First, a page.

It’s Time to Adapt or Develop Your Tech Skills
If you’re looking for a job in tech, you may be increasingly frustrated by the increase in noise surrounding IoT, or by the seemingly unrealistic list of requirements now asked for by employers.
As a company who works on both sides of the fence, we can see the misunderstandings that can occur between candidates and clients – but we can also see how both can help themselves and each other by putting more thought into the offer.
You need to understand that it’s cut throat in the tech industry.
Technology is moving at an incredible speed and companies are moving forward as fast as they can to penetrate new markets or remain competitive. But their success depends on the people they have onboard. It’s therefore no surprise that job descriptions can sometimes seem overwhelming or unattainable. Companies want, NEED, the best and they need it right now so they ask for it all.
Don’t let that put you off, though.
Start by putting yourself in the employer’s shoes (and yes, we tell them to do the same for candidates too).
As the tech brain here, you can use your technical knowledge to look beyond the list of requirements.
What does the employer really need and how do your skills relate to the overall objective? If you’re confident you can do the job, you need to demonstrate that and repackage yourself.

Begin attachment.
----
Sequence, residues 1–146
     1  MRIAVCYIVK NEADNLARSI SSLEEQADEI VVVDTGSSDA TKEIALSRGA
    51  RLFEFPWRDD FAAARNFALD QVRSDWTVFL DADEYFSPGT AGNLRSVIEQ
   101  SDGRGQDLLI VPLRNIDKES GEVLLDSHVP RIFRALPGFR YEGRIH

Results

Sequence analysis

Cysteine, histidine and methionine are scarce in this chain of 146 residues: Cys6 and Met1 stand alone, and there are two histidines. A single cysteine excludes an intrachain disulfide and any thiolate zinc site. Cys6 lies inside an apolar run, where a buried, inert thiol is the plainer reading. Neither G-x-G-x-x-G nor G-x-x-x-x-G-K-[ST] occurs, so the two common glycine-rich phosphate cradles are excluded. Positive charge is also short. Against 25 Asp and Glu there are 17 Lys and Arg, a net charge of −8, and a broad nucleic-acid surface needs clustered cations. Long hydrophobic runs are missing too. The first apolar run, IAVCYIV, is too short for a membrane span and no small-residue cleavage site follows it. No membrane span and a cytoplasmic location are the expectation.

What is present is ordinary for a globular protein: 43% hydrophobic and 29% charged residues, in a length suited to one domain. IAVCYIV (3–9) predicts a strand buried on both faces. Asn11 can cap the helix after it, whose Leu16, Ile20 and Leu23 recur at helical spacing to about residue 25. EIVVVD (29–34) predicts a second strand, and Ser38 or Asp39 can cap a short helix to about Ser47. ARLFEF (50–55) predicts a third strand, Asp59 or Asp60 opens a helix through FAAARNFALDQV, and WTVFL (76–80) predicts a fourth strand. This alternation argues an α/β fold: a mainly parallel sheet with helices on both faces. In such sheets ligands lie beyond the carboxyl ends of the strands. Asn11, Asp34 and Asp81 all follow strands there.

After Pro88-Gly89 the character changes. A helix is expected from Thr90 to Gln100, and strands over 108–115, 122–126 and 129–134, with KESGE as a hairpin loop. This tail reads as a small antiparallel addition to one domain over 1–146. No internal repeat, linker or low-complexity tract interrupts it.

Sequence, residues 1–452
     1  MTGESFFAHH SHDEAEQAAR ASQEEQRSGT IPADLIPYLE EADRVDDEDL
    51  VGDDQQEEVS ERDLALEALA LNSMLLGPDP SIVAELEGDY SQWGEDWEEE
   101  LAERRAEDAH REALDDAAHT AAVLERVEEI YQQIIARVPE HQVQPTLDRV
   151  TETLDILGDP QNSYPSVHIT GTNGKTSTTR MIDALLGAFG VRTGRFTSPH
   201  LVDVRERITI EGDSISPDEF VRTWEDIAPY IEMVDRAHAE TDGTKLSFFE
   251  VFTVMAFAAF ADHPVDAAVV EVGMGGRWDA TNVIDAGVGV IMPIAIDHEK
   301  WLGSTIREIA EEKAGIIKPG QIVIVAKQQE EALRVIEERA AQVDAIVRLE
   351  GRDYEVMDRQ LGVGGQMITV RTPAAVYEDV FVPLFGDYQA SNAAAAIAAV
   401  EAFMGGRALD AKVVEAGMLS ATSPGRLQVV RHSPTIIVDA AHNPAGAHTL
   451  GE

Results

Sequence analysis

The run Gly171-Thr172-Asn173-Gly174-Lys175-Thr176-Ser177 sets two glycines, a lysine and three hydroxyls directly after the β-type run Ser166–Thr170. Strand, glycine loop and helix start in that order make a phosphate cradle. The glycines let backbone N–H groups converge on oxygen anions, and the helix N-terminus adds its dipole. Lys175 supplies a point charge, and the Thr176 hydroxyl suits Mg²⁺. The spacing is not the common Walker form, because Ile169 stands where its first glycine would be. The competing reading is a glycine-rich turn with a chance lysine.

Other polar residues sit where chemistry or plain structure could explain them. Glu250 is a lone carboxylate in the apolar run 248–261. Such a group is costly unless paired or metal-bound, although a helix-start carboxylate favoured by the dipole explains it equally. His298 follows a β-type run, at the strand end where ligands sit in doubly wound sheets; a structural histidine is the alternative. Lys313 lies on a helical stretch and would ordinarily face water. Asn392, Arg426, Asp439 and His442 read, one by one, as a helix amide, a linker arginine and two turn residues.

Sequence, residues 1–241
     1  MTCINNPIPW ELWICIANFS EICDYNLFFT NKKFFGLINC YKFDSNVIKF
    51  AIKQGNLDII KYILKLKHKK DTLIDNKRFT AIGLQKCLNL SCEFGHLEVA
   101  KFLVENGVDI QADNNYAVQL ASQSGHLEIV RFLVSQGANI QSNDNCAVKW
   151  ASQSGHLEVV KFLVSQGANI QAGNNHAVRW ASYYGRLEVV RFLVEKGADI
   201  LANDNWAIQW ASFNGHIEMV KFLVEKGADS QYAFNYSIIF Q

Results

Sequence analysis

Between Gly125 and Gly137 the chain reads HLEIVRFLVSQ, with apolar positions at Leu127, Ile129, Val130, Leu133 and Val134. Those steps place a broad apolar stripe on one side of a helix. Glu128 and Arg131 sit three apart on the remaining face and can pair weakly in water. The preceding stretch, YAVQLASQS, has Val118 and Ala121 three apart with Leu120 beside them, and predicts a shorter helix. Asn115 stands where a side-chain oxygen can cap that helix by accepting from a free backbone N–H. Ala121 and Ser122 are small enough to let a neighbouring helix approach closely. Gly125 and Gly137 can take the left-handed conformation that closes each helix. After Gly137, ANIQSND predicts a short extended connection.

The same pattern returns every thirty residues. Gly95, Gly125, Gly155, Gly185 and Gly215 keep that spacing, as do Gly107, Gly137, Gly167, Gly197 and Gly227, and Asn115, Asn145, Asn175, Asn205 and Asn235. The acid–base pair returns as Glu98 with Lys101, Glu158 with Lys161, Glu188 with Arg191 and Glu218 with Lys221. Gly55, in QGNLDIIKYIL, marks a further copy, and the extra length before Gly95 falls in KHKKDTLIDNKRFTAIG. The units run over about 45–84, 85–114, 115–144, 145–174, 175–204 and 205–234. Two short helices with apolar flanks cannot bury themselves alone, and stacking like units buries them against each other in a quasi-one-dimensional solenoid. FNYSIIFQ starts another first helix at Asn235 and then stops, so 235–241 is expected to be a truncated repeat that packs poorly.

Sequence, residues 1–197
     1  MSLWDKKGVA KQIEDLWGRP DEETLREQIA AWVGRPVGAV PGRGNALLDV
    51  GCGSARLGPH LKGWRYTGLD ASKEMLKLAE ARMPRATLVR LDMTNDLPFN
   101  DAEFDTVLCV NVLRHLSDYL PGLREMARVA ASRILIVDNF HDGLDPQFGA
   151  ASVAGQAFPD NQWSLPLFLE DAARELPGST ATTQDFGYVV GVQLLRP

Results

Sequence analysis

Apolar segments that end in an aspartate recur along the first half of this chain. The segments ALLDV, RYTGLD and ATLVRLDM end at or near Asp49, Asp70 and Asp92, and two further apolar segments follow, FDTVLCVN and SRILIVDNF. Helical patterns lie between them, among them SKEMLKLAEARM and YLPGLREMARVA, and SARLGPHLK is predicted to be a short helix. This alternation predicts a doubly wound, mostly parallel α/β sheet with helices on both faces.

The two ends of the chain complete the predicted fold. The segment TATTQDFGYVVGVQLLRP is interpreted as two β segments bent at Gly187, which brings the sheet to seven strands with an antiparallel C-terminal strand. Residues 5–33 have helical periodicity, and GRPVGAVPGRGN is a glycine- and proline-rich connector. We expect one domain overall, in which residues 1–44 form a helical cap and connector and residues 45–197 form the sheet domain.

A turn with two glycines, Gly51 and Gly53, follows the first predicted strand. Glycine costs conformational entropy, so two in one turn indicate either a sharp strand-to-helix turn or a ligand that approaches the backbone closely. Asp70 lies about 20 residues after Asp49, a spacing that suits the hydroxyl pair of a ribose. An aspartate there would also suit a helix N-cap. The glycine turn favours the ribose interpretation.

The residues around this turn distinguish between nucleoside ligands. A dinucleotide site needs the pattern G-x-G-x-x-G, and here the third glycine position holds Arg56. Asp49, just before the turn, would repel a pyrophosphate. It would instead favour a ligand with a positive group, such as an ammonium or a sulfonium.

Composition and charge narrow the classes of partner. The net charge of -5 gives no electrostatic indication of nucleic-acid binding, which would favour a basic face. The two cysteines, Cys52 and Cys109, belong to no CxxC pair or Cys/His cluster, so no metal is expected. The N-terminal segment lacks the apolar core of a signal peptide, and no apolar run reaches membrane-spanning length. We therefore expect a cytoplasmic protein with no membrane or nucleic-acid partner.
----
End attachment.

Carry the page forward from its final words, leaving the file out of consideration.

Similarly, if there isn’t a specific job available, it’s worth giving your CV and LinkedIn profile a refresh with future tech in mind.
How can you translate you existing skills?
Over the next few years, more businesses across industry will be incorporating some form of smart technology or IoT into their processes and systems, if not their products and services.
How do your skills translate into the future and how willing are you to develop them?
Employers need to know that and will be looking for a good level of willingness and flexibility combined with a diverse range of skills to help them achieve major digital transformation.
From software and hardware developers to infrastructure experts, data analysts, security professionals and project managers, all those skills will be needed in tomorrow’s connected world, albeit differently packaged.
Even though the good ones should be able to read between the lines of your CV, don’t leave it to the recruiters and employers to translate your skills to fit their requirements. Do your part and review your competencies to fit the future, and you’ll have greater success in securing the job you want.